Fat-tree networks are traditionally built with InfiniBand switches. But what if you wanted to use benefits of fat-trees in Ethernet-based networks? It is possible, although with some reservations. One of my readers tried to build a fat-tree network with some legacy hardware, and it didn’t work. More specifically, the switches failed to recognise and use multiple paths in the network (see more on which technologies must be supported).
This page is intended to list hardware that is known to work out of the box — at least, according to the manufacturers. Feel free to add your comments to this page if you have updated information.
Mellanox Technologies produces InfiniBand and Ethernet switches, and both types are suitable for building fat-tree networks. For Ethernet products see, for example, this white paper from Mellanox: “Mellanox Virtual Modular Switch”.
Switch models recommended by the manufacturer:
1. SX1036 (36-port QSFP 40/56GbE 1U Ethernet switch). If you wish to use 10Gb/s speed, then using special breakout (also called fanout) cables you can “split” some 40Gb/s ports into four 10Gb/s ports but leave other ports running at 40Gb/s. On SX1036, some of the switch ports can be split into four, and some into two 10Gb/s SFP+ ports (and some ports get disabled during this procedure), eventually resulting into 56 10Gb/s ports. The remaining 8 ports can continue to work in a 40Gb/s mode or can be downgraded to 10Gb/s mode. See section 3.11 in the switch user manual for more details.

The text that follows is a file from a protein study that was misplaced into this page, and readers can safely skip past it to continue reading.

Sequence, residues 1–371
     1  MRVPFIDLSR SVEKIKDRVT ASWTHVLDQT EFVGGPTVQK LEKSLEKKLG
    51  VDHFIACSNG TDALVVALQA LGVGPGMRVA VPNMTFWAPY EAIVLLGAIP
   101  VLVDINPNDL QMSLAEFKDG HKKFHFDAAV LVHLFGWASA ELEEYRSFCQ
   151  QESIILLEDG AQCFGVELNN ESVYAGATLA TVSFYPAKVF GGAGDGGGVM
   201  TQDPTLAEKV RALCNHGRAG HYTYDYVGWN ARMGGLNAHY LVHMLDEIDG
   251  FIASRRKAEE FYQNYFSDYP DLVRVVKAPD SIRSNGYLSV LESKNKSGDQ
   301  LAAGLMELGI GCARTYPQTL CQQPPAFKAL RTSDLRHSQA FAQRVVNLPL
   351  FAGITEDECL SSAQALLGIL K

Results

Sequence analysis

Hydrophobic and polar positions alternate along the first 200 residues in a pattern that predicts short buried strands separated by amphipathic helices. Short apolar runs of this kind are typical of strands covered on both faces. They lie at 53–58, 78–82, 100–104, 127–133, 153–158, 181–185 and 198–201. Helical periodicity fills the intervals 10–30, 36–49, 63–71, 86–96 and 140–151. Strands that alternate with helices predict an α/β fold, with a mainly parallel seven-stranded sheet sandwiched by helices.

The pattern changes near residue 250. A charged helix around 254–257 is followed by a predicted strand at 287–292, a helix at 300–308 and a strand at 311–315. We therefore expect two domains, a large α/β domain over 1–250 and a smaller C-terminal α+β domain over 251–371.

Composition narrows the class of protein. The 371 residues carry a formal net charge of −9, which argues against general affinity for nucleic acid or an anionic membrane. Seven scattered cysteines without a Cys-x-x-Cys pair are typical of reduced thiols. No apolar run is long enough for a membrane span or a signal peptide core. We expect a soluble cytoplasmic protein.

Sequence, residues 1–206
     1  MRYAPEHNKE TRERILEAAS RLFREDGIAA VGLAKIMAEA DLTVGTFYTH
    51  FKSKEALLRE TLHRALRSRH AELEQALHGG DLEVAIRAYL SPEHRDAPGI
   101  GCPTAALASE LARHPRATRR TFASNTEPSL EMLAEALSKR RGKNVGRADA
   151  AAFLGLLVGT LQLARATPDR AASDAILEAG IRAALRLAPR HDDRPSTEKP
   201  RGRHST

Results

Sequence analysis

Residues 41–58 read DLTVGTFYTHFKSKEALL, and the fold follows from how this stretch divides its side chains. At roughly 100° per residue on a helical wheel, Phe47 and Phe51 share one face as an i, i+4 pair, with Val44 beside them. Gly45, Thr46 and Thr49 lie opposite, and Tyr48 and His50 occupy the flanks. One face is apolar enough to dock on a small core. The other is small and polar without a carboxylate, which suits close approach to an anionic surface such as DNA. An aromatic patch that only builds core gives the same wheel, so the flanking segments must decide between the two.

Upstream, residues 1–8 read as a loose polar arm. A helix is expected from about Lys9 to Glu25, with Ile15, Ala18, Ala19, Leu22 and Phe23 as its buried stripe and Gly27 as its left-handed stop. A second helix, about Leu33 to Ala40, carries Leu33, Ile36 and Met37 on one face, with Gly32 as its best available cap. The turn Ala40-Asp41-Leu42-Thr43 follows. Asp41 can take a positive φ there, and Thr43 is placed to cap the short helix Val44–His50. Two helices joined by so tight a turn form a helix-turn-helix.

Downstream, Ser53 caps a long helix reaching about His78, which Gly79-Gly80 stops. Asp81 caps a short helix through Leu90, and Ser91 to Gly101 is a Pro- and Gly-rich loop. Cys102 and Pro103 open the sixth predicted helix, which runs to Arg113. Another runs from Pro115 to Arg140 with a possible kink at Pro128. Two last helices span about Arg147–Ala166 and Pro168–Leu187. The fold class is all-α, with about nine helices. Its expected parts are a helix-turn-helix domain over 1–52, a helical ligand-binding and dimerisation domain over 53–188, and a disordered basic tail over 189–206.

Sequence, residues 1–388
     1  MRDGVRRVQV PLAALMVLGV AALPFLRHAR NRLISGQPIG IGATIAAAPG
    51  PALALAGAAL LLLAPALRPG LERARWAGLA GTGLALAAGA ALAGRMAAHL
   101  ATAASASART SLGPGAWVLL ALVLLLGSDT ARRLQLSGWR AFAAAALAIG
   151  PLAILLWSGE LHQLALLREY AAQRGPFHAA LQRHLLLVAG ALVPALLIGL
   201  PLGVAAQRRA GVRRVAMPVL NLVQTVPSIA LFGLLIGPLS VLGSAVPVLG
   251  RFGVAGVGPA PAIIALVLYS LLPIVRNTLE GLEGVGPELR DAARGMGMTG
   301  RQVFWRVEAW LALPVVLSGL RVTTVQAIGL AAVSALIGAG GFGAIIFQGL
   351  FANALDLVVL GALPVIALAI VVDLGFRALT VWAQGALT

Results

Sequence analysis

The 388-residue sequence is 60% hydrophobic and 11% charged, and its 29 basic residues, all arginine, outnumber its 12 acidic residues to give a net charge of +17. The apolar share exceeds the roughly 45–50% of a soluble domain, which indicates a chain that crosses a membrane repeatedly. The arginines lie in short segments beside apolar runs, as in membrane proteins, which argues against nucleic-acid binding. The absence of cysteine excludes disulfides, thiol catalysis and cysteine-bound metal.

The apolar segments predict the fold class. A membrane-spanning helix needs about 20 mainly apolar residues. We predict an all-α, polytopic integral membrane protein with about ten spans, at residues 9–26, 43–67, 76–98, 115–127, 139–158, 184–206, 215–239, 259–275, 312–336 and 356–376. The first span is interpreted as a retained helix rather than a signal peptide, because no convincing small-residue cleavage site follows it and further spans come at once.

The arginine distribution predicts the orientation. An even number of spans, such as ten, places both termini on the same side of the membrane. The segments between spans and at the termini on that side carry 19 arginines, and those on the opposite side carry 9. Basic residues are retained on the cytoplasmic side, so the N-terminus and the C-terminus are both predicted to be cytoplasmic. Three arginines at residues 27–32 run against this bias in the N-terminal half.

2. SX1012 (12-port QSFP 40/56GbE 1U half-width Ethernet switch). Each of the 12 ports can be split into four (or, if you wish, two) 10Gb/s ports, thereby resulting into up to 48 10Gb/s ports.
3. SX1024 (48-port SFP+ 10GbE, 12 port QSFP 40/56GbE, 1U Ethernet switch). One or two 40Gb/s ports can be split into four 10Gb/s ports, should you need it, but at the same time one or two other 40Gb/s ports will become disabled. Splitting ports on this switch is not much needed since it already provides both 10Gb/s and 40Gb/s ports.
Switch model recommended by the manufacturer:
Dell Networking Z9000 (32-port QSFP 40GbE 2U Ethernet switch)
(This switch is apparently made by Force10, as follows from the former model name in the guide, “Dell Force10 Z9000TM“. Force10 was acquired by Dell in 2011)